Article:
In Times of Need, Northeast Pennsylvania comes to the aid of its own. In our regular column, Patrice Wilding provides a platform for area residents facing a variety of obstacles to create awareness and connect them with much-needed help.
Who: There’s an irresistible lovability about Ava Marie Biancarelli of Scranton, who is reserved, kind and quietly very funny. The fourth-grader at Howard Gardner MI Charter School — and daughter of Kim Biancarelli, a floral manager, and Damian Biancarelli, a barbershop owner — loves to color and make arts and crafts. She shows her courageous side by practicing Kenpo karate with her big brother, Carlo, 10, who also loves acting as his little sister’s personal jester. Unfortunately, 2019 proved to be a tough year for Ava, who was sick and underwent numerous tests and visits to various doctors before she was diagnosed with ROHHAD, or rapid-onset obesity with hypothalamic dysregulation, hypoventilation and autonomic dysregulation. With a ganglioneuroblastoma pressing on her adrenal gland, Ava now requires treatments from an oncologist, endocrinologist, neurologists, phlebotomists and more during visits to Children’s Hospital of Philadelphia four or more times each month.
What/when/where: Ongoing donations are being collected online at GoFundMe.com but also can be sent to Guy’s Barber Shop, 626 Spruce St., Scranton, PA 18503. Checks should be made payable to Damian Biancarelli with “#AllinforAva” in the memo field.
Why: Proceeds will help with the costs of constant testing, monitoring and treatment of symptoms as they arise. There is no known cure, and the medical community overall knows very little about this brutal disease, Ava’s father said. The family hopes to bring her to Lurie Children’s Hospital of Chicago to see a doctor there who actually does specialize in ROHHAD, though that visit will be out of network and require them to pay for it entirely out of pocket.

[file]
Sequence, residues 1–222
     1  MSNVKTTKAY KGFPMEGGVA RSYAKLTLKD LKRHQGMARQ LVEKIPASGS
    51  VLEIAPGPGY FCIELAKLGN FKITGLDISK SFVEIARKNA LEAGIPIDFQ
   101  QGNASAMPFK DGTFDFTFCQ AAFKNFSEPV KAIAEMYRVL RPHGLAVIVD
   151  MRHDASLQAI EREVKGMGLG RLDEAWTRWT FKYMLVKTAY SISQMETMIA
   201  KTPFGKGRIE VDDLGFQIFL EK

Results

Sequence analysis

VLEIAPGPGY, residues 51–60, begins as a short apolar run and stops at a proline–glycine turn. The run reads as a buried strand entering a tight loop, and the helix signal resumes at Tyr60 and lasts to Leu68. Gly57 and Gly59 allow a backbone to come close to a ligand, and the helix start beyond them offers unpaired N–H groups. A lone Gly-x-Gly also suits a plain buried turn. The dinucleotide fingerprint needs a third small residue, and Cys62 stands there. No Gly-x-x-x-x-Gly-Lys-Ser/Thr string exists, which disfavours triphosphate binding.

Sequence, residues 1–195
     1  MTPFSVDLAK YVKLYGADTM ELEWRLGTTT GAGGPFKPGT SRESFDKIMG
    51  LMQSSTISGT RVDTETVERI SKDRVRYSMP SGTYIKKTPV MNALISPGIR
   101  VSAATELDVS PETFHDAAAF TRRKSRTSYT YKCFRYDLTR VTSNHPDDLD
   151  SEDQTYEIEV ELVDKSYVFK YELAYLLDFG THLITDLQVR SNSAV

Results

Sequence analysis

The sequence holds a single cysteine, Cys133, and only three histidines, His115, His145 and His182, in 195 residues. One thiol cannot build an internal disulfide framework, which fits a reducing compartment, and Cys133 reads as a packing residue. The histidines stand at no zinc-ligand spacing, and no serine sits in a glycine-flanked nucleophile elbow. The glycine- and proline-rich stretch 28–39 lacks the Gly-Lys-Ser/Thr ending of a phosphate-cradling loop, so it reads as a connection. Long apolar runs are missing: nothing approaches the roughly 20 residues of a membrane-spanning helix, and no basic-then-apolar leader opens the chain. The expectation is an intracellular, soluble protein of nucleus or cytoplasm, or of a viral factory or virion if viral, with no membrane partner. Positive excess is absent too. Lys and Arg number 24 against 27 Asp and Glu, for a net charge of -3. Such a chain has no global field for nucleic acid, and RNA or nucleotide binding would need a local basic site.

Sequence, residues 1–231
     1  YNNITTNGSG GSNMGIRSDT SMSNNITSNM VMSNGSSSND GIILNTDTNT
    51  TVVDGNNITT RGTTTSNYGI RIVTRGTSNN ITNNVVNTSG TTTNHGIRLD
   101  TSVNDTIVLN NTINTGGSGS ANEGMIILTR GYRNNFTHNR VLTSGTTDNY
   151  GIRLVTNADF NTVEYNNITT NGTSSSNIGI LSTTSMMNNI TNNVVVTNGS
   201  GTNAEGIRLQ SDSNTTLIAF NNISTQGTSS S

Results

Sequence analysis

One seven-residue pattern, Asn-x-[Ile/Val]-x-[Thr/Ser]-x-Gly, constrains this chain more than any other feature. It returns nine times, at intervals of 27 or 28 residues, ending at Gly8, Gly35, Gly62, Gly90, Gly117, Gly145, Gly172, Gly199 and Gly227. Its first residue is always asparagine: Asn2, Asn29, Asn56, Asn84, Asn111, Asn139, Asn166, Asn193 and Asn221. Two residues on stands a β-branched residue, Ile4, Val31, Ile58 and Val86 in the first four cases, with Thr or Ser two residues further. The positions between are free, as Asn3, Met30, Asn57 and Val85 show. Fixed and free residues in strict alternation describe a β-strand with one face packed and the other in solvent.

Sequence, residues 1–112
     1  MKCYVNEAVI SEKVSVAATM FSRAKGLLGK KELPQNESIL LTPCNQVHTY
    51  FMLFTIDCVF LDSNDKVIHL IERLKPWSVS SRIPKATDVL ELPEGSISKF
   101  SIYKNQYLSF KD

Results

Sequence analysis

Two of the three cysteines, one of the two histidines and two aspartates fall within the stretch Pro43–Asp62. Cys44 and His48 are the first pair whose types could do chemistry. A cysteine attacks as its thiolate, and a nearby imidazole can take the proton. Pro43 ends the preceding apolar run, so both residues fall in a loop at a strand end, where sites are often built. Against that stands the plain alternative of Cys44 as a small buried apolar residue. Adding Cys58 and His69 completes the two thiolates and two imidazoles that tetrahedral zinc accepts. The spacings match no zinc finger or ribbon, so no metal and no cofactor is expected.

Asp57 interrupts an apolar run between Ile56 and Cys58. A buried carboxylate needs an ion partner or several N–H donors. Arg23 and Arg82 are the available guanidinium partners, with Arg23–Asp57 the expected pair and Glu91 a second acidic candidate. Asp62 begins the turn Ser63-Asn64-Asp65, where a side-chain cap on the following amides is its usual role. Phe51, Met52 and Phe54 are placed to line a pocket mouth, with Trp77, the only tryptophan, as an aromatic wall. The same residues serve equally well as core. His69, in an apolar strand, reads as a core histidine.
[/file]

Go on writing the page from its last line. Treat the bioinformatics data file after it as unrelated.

In their own words: “Community support would mean a great deal to me, her mom and the rest of the family. It’s humbling to see people with their own problems and their own financial burdens pulling together to help others. It restores faith in humanity. Knowing we don’t have to face this challenge alone, that an entire community is on our side, is beyond the words I have.” — Damian Biancarelli, father; “It makes me feel good and makes me happy.” — Ava Biancarelli
Patrice Wilding is a 13-year employee of the Lifestyles Dept. at The Times-Tribune, where she worked her way up from a clerk to a web video producer to a full-time reporter, writer and copy editor. An Olyphant native, she graduated from Mid Valley Secondary Center and earned a bachelor’s degree in liberal studies with concentration in media arts, political science and communications from Wesley College, Dover, Delaware. She lives in Clarks Summit with her husband, Justin, and their son, Johnny. Contact: firstname.lastname@example.org; 570-348-9100 x5369; @pwildingTT